Investors can play a pivotal role in abolishing modern slavery - a massive and fast growing industry with forced labour alone generating an estimated USD 150 billion dollars in illicit funds per year. Over 40 million men, women and children were enslaved in 2016, the last year for which we have a reliable estimate. According to the International Labour Organisation (ILO), 71 percent of victims of modern slavery are female. Described as one of the defining human rights crisis of our time it is very much an international and transnational phenomenon requiring global solutions.
Modern slavery and human trafficking touch the financial sector in a number of ways: through their transnational supply chains, through laundering illicit profits, and through possible investments to businesses that then engage in this form of exploitation. In September 2015, 193 Member States of the United Nations pledged to take immediate and effective measures to end modern slavery, forced labour and human trafficking by 2030, as one step in the UN’s Agenda for Sustainable Development.
In response, ‘The Liechtenstein Initiative for a Financial Sector Commission on Modern Slavery and Human Trafficking’ was launched at the United Nations General Assembly last year. The commission is made up of a partnership between the governments of Liechtenstein, Australia, the Netherlands, the UN University in New York and a variety of banks and associations. By September 2019 it is planning to release a roadmap for accelerated action to put the financial sector at the heart of global efforts to tackle modern slavery and human trafficking. This roadmap will offer concrete tools that the sector can use. The Initiative adds: ‘With the release of the roadmap, the work will have only just begun. We are actively engaging with financial sector actors, regulators, businesses, policy-makers, associations, civil society groups and individuals to champion the roadmap and ensure its dissemination and take-up.’
The Commission explains that: ‘Modern slavery describes patterns of exploitation arranged in the gaps in the law and its enforcement, not on the solid ground of the law itself. It refers to the de facto hidden exploitation that our economic, legal and financial systems permit and acquiesce in, rather than a de jure system of chattel slavery in which people are formally treated as property. It takes myriad forms, from bonded labour in South Asian brick kilns to slave-like practices in Amazonian charcoal farms; from labour trafficking onto farms and nail salons in the US to sex trafficking from West Africa to Europe; from slavery on fishing vessels in South-East Asia to government-enforced labour in the cotton fields of Central Asia.’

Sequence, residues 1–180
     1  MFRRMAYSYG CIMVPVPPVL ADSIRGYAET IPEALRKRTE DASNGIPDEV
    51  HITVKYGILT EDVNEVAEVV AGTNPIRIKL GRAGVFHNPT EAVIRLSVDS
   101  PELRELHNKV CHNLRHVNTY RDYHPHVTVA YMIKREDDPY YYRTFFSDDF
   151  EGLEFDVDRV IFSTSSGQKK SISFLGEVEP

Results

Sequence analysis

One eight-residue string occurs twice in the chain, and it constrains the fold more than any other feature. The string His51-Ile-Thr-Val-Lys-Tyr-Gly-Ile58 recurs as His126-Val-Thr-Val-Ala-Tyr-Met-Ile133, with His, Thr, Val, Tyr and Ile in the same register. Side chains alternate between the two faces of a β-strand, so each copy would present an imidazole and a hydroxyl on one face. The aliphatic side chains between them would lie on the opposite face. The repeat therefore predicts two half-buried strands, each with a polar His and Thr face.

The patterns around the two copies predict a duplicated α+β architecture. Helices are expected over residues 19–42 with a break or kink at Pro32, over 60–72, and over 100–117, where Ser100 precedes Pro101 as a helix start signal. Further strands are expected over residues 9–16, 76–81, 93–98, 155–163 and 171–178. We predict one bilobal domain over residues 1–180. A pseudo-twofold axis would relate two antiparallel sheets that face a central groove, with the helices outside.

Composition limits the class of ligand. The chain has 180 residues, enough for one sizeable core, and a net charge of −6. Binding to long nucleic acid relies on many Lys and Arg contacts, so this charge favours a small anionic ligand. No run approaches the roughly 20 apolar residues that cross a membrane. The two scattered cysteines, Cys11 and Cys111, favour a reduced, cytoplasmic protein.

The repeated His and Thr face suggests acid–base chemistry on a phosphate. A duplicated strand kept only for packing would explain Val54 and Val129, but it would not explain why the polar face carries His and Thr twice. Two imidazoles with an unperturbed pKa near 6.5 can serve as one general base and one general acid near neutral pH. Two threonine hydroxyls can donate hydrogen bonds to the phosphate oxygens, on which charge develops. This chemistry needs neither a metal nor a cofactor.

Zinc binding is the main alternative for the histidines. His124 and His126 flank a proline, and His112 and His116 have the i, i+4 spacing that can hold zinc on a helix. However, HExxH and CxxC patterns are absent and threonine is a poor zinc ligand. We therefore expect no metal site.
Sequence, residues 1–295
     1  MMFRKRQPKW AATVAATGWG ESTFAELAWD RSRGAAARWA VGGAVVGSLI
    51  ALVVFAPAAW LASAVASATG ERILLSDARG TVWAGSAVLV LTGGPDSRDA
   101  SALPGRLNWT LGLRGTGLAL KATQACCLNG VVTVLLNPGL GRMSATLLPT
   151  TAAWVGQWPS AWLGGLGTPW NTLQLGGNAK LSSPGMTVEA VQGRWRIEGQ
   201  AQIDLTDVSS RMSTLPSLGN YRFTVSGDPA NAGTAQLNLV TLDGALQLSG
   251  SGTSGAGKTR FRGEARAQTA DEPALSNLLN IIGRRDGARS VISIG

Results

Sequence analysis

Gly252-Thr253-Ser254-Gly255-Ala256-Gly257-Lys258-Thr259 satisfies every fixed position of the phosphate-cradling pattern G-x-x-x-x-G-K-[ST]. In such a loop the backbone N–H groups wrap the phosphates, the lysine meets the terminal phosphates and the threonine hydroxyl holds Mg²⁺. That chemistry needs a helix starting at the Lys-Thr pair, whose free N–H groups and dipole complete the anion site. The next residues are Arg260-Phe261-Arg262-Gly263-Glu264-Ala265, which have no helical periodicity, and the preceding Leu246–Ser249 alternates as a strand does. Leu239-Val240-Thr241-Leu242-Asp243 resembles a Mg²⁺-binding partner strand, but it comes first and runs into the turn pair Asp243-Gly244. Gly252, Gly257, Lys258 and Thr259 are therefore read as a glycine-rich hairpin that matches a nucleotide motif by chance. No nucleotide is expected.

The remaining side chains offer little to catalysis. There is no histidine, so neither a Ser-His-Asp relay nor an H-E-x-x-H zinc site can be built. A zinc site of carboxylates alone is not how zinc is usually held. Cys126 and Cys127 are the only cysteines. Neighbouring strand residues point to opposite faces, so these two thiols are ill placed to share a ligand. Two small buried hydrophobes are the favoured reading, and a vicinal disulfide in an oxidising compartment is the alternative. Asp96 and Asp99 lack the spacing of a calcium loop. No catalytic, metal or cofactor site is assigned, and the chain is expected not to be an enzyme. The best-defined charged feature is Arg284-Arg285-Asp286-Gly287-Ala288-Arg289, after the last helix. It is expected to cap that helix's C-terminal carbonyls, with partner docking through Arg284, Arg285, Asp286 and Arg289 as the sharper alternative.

In the second of its 2019 papers, the Commission has considered ideas to identify rapid, meaningful and scalable action by the financial sector on modern slavery and human trafficking. These ideas include embracing a responsibility to take action throughout extended value chains – also a focus for Australia’s Modern Slavery Act passed into law in 2018, requiring Australian companies to examine the human rights impacts of their supply chains.
Highlighting the local dimension of this global challenge combined slavery and human trafficking charges were laid for the first time ever in December 2018 as Immigration New Zealand cracked down on what they allege is a major scam involving Samoan migrants. The accused man had allegedly imported migrant workers from Samoa since 1994 to work in stonefruit picking gangs. Immigration say the workers claim the man confiscated passports, underpaid them, subjected them to assaults and threats. They also say their movements were heavily controlled. Local media reported that the horticulture sector is rife with such scams, particularly among sub-contractors who undercut law-abiding rivals by paying workers in cash, and below minimum wage.
The responsible investment fund managers that Money Matters recommends have been asking companies to detect and address modern slavery in their supply chains for some time, so the Australian legislative requirement is a positive development. We are receiving reports that New Zealand businesses are experiencing the Australian legislation applying to them as Australia is our biggest trading partner and the legislation applies extraterritorially and to any business with revenue of over $100 million. Responsible investment managers are encouraging companies to focus on supply chain consolidation because this reduces complexity and provides them with better oversight and more leverage with their suppliers. These initiatives highlight the role investors can play in terms of driving positive change on modern slavery.
Special thanks to NZ Commission Member Anne-Maree O'Connor for briefing New Zealand Sustainable Finance Forum Working Group Members at our May 2019 meeting.